With the first kind, you receive several circuits but they all come from the same carrier. Redundant circuits help protect you from certain failures including physical line issues, port issues within routers, and others. Damage to an external wire or part can cause the failure of all of your circuits. A regional outage experienced by your carrier can have the same result. This is not foolproof, but does offer some protection.
Bringing in circuits using two distinct carriers is the second form of circuit redundancy. You may want your circuits to appear and act as if they are one and come from the same source. If so you can use IP address allocations and advanced routers to do so. However, despite appearances, they are actually very much separate and are redundant to each other. Diversity redundancy provides greater assurance, comfort and protection. In the event a carrier goes down, you will not have to worry. You will have a perfectly live carrier there to keep things moving.
You want maximum redundancy. In order to achieve this, look for redundant circuits from different providers with different physical geographic pathways in Farmington, New Mexico. Basically this means that you want your circuits to enter your building on different sides or paths. Whether they are attached underground or to a telephone pole, your goal should be to have the circuits in different directions leading to different central places. What if there is some kind of catastrophic incident such as a fire or accident that impacts circuits within a region? Now, you have redundancy in an alternative physical direction.
While Internet access is not free, it pales in comparison with the cost of not having reliable access to The Internet. Contemplate these situations:
You are on a cable modem with the carrier providing circuits to 14 other tenants in your building. It is possible that during normal organization hours, those tenants might be downloading large files or watching continuous videos. They might be getting a lot of phone calls. As available bandwidth shrinks, what will happen to your calls? What happens to the quality of that phone call? Are calls dropped? Will you sound muffled?
Your office is the center of your business. You may be a law firm that does file sharing or a retailer operating a POS system. Your primary Internet connection is solely responsible for smoothly granting access and sending data to all of your places whether you have two or two thousand. How will you be affected if your circuit goes down? Would it annoy you or destroy you? Are remote offices able to work at all? Can they take or process any orders at all? Circulate essential files and data? Picking the right a solution can be difficult. Before doing so, be sure you fully understand your requirements. You might have hundreds and hundreds of loyal customers. Perhaps you are a software company running a hosted solution they all depend on. Do you operate a service where other systems talk to yours by using an application program interface (API)? For example do other systems gain access to yours in order to calculate rates, prices, or to collect information that you serve up? It is possible they will not be able to connect to your servers. Customers do not enjoy repeated outages. How long with they put up with them before looking to take their company elsewhere?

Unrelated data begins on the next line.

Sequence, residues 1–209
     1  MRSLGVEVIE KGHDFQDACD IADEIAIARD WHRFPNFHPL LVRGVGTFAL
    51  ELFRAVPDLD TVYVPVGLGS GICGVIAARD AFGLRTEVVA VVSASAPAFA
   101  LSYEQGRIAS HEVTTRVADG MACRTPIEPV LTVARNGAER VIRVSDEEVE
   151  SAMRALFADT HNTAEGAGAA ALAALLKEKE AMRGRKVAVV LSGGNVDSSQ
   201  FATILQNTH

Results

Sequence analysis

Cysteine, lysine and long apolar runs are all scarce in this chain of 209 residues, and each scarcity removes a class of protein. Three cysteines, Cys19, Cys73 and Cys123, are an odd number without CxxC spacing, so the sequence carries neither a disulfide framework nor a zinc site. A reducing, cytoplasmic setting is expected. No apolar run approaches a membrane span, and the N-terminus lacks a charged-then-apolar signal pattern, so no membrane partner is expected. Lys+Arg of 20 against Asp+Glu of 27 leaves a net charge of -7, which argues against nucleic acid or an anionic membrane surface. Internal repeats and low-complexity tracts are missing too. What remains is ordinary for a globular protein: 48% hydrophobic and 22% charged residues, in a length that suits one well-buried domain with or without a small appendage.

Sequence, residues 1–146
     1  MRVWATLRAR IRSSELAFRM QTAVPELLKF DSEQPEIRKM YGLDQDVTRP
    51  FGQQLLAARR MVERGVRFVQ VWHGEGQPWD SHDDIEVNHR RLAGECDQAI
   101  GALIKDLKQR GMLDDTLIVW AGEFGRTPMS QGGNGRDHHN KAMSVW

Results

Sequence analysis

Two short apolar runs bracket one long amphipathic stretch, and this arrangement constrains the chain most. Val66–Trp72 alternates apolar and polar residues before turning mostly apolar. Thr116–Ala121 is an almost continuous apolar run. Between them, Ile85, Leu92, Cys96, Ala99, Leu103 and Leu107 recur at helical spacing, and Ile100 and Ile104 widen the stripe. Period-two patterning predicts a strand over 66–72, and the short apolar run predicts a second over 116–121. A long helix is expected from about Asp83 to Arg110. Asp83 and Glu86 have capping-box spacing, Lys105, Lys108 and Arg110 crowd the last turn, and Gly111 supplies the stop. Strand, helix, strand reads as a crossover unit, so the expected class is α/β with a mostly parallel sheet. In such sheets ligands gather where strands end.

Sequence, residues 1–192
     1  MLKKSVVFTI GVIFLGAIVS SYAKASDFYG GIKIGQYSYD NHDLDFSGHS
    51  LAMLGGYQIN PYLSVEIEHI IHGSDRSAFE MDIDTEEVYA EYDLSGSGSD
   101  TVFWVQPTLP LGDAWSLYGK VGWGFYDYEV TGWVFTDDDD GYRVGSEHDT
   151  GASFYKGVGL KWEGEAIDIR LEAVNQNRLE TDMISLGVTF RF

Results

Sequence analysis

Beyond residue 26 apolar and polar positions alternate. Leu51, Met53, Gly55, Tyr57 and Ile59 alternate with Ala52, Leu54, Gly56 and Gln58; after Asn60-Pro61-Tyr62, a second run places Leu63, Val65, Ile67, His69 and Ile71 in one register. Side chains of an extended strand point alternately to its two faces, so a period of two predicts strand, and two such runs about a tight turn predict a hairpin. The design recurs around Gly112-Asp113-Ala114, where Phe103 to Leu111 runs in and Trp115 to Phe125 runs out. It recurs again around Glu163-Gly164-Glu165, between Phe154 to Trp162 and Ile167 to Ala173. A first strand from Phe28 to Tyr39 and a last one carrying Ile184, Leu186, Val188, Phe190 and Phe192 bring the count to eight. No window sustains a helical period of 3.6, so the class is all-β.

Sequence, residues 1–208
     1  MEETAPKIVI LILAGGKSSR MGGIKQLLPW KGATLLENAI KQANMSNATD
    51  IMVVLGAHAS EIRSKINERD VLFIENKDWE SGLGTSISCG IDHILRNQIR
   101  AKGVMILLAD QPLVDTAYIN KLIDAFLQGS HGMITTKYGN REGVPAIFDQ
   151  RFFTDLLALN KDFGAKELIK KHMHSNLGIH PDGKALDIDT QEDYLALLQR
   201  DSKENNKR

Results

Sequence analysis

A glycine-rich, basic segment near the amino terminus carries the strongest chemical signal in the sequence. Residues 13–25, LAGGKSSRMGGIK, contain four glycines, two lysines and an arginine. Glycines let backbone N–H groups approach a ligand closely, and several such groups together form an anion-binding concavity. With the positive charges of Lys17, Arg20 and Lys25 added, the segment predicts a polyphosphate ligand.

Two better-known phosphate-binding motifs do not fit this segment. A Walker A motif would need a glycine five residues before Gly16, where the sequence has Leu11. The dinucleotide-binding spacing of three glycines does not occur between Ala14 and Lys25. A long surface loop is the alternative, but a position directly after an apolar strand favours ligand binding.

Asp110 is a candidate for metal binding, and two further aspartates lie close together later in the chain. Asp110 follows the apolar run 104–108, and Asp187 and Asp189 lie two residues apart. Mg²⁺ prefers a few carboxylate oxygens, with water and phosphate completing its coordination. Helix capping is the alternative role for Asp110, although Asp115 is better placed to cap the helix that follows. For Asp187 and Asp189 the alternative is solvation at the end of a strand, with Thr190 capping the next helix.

Maybe your organization depends entirely on the net. Should your circuits go down, your representatives cannot make outbound calls. Your reps have no way of answering calls, if they even know they are coming in. Looks like you are now out of organization. While most reputable call centers are already aware and using redundancy, is it enough? Are your current carriers as dependable as you would like? Clear and reliable calls are essential. Does your carrier service consistently provide this?
You clearly have many options. The needs and budget of your business will both affect your choices. In review:
If you have one location or office and do not feel the need to consider redundancy for your system, a smaller access to The web circuit may be all you need. A single fifty, ten or five megabyte circuit might be enough. Metro Ethernet service or gigabit service may also be a reasonably priced option if you are in a lit building. Prices will vary. They are based on your location and circuit availability; speak with our engineers to learn your best options.
You have a midsized company in Farmington, New Mexico; you will surely need higher-speed Internet. You have several choices. Consider the following: Gigabit Internet, Metro Ethernet or higher-speed access to The Internet circuits. Multiple circuits utilizing multiple providers would, ideally, provide you with maximum redundancy. You can sometimes achieve this without doubling costs. Two 50-megabyte circuits may be more cost effective than a single 100 circuit. Do not forget that you will find variations in price and availability. Call one of our experts to learn what is available in your specific area.
What companies have the highest risk for failure; those with multiple locations. Redundancy is extremely important to them. Multiple providers are highly desirable. You can increase redundancy with switches or routers. Having redundant equipment can also minimize risk. As always, take a careful look and choose the right Ethernet access services, Metro Ethernet providers, gigabit Internet providers and other high-speed Internet access circuit providers. The best mix of carriers and services can maximize the productivity and efficiency of your company.
Companies such as these require the following: Metro Ethernet, gigabit Internet and point-to-point (PPP) high-speed Internet circuits. Having redundant hardware as well as redundant circuits from different providers will ensure your needed uptime. You do not want any slowdowns or interruptions that often occur during spikes in usage. Avoid this by having sufficient bandwidth. It is crucial that not only your circuits have the ability to support a vast number of multiple and simultaneous connects, but your hardware must have the ability to support them as well.
The danger and risk of failing circuits is tremendous. So is the risk of having less bandwidth than you need. The right circuits must meet your demand while keeping you within your budget. Choosing the right combination of hardware and circuits can be complicated and confusing.
Our engineers can help. We will analyze your requirements and needs and create a free action plan for you. After reviewing your current usage and demand levels, we’ll generate a cost effective plan that provides your business with the resources it needs.
Please call our office for an assessment appointment or click here to complete the contact form on the right side of the page. Assessments are done in as few as two days or within 48 hours.